Leaving Las Vegas (Blu-ray)
Somehow I’ve gone fifteen years never having seen LEAVING LAS VEGAS. It’s one of those films that everyone says is so spectacular, but that’s it. You also hear about how that was one of the last amazing performances that Nicolas Cage ever gave. The man even won an Oscar for the role. So I figure it was about time that I visit this movie and find out if it’s as great as everyone says it is.
Let me start off by saying, I’m really glad I watched this, but I will probably never watch it again. It’s one of those movies like RUSH or REQUIEM FOR A DREAM or CLOSER—it completely and utterly destroys my soul. Now I like a good story about a weird guy and a prostitute finding love. TRUE ROMANCE was excellent. But this film does not leave you with a hopeful feeling.
Vegas is the perfect setting for two characters who are as desperate and vulnerable as Ben (Cage) and Sera (Elisabeth Shue) are. As soon as we meet Ben, it’s obvious that rock bottom has already hit, he’s just not aware of it. To boot, he’s also a self-loathing failed writer– typical. Ben has all the pessimism and depression of Hemingway sans the talent. When he nearly crashes his car into the beautiful Sera, all he wants is to spend some time with her. From the very beginning, it’s obvious that Sera is not a typical hooker. There’s something soft and loving about her. In fact, she’s very charming and could easily be the sassy girl next door.
The only thing about Sera is that she has this odd pull to her pimp, Yuri (Julian Sands). Honestly, the guy really creeps me out. So I can see how it would the better choice would be to choose the drunken writer, there’s something sort of romantic in that. Two people grasping at the edge of hope, wondering if they’re like together will offer them something more. The only thing different about their relationship is that he can never ask her to stop hooking and she can never ask him to stop drinking. This is only a bottom layer on the cake of that is obvious destruction. The void that the two thought they had in their hearts was really already filled, but the delusion and shiny promise of Vegas only magnifies the denial.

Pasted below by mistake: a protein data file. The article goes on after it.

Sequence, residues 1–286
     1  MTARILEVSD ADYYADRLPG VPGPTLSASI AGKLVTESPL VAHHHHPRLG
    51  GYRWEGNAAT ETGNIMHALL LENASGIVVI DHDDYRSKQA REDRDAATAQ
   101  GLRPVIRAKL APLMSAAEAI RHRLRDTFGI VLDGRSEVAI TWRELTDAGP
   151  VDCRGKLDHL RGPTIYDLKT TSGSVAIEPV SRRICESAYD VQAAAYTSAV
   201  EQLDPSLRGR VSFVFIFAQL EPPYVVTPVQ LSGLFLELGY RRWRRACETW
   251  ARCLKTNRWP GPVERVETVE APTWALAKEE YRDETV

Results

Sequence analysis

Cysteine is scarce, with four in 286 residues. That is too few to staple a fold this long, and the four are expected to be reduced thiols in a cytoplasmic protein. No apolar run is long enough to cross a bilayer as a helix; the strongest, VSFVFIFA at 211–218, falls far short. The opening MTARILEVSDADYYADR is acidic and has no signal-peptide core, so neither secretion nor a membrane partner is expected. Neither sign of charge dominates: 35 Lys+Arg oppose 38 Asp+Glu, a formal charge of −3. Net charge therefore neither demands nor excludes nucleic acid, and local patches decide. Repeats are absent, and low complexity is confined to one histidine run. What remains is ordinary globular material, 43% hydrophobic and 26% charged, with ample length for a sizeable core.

While Nicolas Cage does completely deserve his Oscar, it’s sad that Shue did not receive one as well. She did have some stiff competition in 1996 though: Susan Sarandon for DEAD MAN WALKING, Sharon Stone for CASINO, Meryl Streep for THE BRIDGES OF MADISON COUNTY and EMMA THOMPSON for SENSE AND SENSABILITY. This was a great year for women in leading roles. Sarandon may have taken that golden man home, but Shue’s performance should never be forgotten.
LEAVING LAS VEGAS will sweep you up and knock you down leaving you satisfied from the ride. It is thanks to director Mike Figgis that the after effect isn’t too bitter for you to swallow. There are moments between Ben and Sera that can touch anyone’s heart and their passion for one another is so outstanding that it’s forgivable. Even if you aren’t one to watch films about self-destructive individuals, this is a film that demands you to sit through a single viewing. You won’t be disappointed.
Video: The technical aspects on this Blu-ray were absolutely disappointing. Watching it doesn’t feel any different than it would have on VHS back in 1995. It’s almost as if no one ever bothered to make a decent transfer. (1.85:1 Widescreen).
Audio: The audio felt off and the only satisfaction you receive is a decent music soundtrack. I was hoping that at least the sound would save the day, but it doesn’t. Someone should let Fox know that their people aren’t doing their jobs. (5.1 DTS-HD).